Next to take the podium was Ilana Skolnik of Cape Town, South Africa, who shared her life story. At the age of 17, Skolnik was crowned a beauty queen, taking the title of Miss Africa South.

After traveling to South America, Greece and Israel, she converted to Judaism. A year after she got married, she met Rabbi Yossi and Hinda Gerlitzky, directors of Chabad of Tel Aviv, who suggested that she and her husband travel to New York to meet the Rebbe.

Taking their advice, Skolnik met the Rebbe in 1985 and her life was changed forever.

“I saw a bright light,” she recalled. “My hair stood on end.”

The Rebbe’s advice touched her soul, and with the help of caring Chabad-Lubavitch rabbis and rebbetzins, Skolnik and her husband slowly brought more Judaism into their lives.

“Years ago I came to America as part of a beauty pageant,” she said. “Today I am in a room with women who have the power to transform and elevate the world. Your work is extremely holy. Thank you, Rebbe. Thank you, all of you.”

The banquet drew on the participation of Chabad-Lubavitch emissaries young and old, including their daughters, who performed from the stage. (Photo: Rivka Lifshitz)
The banquet drew on the participation of Chabad-Lubavitch emissaries young and old, including their daughters, who performed from the stage. (Photo: Rivka Lifshitz)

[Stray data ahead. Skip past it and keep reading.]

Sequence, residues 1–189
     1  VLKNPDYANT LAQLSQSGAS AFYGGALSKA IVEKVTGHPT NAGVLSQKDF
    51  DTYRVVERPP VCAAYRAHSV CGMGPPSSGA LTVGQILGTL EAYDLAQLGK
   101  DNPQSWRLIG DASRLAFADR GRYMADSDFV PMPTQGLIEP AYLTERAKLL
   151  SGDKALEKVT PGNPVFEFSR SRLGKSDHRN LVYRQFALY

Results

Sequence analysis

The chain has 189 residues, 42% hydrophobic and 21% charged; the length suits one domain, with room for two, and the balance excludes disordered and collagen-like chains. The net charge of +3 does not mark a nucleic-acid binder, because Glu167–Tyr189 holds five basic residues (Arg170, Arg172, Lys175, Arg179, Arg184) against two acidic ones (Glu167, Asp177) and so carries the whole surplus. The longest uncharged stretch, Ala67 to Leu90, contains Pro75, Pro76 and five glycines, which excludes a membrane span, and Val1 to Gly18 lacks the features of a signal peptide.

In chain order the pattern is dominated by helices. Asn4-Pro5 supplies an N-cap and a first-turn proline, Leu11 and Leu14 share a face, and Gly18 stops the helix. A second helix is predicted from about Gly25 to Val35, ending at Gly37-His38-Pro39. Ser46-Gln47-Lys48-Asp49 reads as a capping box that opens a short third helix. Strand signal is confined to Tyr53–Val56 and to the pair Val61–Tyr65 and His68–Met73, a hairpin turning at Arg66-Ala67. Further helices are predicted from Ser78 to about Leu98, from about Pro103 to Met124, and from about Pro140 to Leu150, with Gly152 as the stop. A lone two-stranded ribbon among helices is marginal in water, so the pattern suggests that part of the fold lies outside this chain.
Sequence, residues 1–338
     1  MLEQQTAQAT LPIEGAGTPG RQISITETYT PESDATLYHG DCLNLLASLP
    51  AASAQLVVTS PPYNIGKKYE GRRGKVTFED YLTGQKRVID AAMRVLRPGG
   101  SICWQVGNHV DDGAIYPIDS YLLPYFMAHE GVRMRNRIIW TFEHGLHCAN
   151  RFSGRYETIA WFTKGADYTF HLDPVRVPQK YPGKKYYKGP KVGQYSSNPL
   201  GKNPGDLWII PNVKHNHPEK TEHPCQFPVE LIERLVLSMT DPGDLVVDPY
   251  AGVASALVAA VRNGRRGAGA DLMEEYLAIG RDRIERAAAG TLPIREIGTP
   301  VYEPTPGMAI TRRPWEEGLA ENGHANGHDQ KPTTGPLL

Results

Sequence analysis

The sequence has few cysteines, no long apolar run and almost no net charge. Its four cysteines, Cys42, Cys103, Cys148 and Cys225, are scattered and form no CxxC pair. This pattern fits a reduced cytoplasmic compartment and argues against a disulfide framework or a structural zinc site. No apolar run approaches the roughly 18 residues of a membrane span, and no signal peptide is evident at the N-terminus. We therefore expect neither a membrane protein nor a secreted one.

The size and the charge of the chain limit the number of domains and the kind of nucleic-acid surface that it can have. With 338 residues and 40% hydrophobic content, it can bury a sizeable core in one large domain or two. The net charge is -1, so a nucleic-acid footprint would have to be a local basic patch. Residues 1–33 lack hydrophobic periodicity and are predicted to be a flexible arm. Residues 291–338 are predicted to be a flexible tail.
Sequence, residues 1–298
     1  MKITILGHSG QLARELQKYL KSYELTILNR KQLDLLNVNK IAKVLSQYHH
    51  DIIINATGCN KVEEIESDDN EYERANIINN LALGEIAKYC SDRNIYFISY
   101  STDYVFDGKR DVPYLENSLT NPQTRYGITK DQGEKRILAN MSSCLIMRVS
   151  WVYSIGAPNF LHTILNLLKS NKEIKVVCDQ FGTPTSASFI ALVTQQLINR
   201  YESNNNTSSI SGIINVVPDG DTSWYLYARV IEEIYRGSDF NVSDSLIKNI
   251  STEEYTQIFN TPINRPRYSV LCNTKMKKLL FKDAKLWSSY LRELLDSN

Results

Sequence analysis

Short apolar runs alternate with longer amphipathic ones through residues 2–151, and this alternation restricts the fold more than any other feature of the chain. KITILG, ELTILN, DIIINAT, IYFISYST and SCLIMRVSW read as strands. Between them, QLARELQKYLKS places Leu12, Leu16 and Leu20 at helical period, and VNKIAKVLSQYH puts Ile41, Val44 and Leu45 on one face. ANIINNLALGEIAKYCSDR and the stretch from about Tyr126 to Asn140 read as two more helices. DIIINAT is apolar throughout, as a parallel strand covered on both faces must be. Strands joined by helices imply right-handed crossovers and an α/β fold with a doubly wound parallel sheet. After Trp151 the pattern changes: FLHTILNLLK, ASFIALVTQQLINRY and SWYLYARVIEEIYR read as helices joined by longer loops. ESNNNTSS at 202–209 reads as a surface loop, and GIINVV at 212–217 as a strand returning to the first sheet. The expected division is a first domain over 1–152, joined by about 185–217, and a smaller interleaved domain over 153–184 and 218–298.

Relax and Recharge

As soft Jewish tunes played in the background, the emissaries were treated to sumptuous beef medallions, boneless roasted chicken legs, and rosemary fingerling potatoes. Kulek mentioned that back home, she barely has a second to catch her breath. Catering kosher meals to an estimated 50 students at the University of Hartford every day, Kulek waits all year for the conference.

“It’s my one vacation a year,” she said. “I love being pampered. All I can do is say thank you and be overwhelmed by the feeling.”

“I’m humbled because each woman here means everything to their communities,” said Shaina Stolik, co-director of Chabad of South Palm Beach in Lantana, Fla. “Each woman is a therapist, librarian, chef, decorator, mother, and educator. Behind each face, there’s a huge capacity to influence others.”

“I love the power that’s in the room,” agreed Chaya Cohen of Montreal. “Everyone here has the same purpose.”

Sporadic shrieks of joy were heard throughout the evening, as women reunited with old friends.

“I see a lot of people meeting up with friends,” said Cohen. “I just walked around and met 15 friends from New York, England, France, and one from China.”